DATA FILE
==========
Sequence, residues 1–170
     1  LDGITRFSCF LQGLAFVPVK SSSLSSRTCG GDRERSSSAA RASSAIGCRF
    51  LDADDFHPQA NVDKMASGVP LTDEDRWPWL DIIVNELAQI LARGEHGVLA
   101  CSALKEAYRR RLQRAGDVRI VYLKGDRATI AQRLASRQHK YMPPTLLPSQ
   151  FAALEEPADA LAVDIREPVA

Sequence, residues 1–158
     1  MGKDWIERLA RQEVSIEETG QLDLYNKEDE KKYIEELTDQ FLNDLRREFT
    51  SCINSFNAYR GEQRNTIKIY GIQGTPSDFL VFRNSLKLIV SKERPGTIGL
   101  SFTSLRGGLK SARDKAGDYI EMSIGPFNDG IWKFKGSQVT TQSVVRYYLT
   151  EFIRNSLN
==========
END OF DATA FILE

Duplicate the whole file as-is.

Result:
Sequence, residues 1–170
     1  LDGITRFSCF LQGLAFVPVK SSSLSSRTCG GDRERSSSAA RASSAIGCRF
    51  LDADDFHPQA NVDKMASGVP LTDEDRWPWL DIIVNELAQI LARGEHGVLA
   101  CSALKEAYRR RLQRAGDVRI VYLKGDRATI AQRLASRQHK YMPPTLLPSQ
   151  FAALEEPADA LAVDIREPVA

Sequence, residues 1–158
     1  MGKDWIERLA RQEVSIEETG QLDLYNKEDE KKYIEELTDQ FLNDLRREFT
    51  SCINSFNAYR GEQRNTIKIY GIQGTPSDFL VFRNSLKLIV SKERPGTIGL
   101  SFTSLRGGLK SARDKAGDYI EMSIGPFNDG IWKFKGSQVT TQSVVRYYLT
   151  EFIRNSLN